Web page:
1 Fu-ka-lo. There seems to be a play on the word " vagina," a net. Vide also Kai-yuen-shi-kian-mu-lu, vol. i, fol. 20.

2 Chang-lo, it may be " oh honourable."

Thinking thus, he hastened through the Nyagrodha wood, intending to return to his palace. Then the world-honoured, as he sat in the nobleman's house, by the exercise of the power of divine sight (samanta chakku), perceived how the case was with Nanda, and so, by his power of transformation, he passed unseen from the nobleman's house straight to the Nyagrodha wood, and there appeared right in front of Nanda, as he was hurrying onwards towards Rajagriha. Then Nanda, seeing Buddha, and wishing to hide himself from him, ran down a high bank into a hollow, and there crouching down, sat still. Then Buddha, by his spiritual power, caused that hollow place to become level as one's hand. Seeing Nanda there, he asked him whither he was going, and on what business? Then Nanda again told his master that he had no heart for the life of an ascetic, and he longed to go back to his palace and the arms of Sundari his mistress.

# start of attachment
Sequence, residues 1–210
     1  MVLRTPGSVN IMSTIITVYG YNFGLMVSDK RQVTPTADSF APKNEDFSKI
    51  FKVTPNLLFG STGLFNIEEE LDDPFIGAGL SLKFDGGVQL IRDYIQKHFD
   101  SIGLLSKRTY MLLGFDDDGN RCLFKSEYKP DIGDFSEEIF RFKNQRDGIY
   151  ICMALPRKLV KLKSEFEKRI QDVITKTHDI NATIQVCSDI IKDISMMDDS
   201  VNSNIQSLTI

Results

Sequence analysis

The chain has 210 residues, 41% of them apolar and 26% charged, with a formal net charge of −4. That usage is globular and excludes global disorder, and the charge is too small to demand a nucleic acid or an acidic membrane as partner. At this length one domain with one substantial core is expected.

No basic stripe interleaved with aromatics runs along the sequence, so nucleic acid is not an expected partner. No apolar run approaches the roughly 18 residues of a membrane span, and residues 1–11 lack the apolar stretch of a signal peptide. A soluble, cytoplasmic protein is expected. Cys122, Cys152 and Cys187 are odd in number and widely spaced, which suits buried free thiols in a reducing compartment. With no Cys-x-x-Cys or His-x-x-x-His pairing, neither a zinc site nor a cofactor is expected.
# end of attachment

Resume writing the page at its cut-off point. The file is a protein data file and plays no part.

Then Buddha began to discourse on the deceptive character of female beauty; he bade Nanda think that the body which he was so enamoured of was but a collection of bones and flesh—within it, what vileness and filth, what impurity and disgusting secretions, etc.; and then he added as an argument, the following verses again:

"Does the man," etc. [as before].

And then Buddha dwelt on the power of religion and self-control to secure peace and expel sorrow. But the teaching was all in vain, for Nanda still longed for a life of pleasure, and could not endure the restraint of discipleship.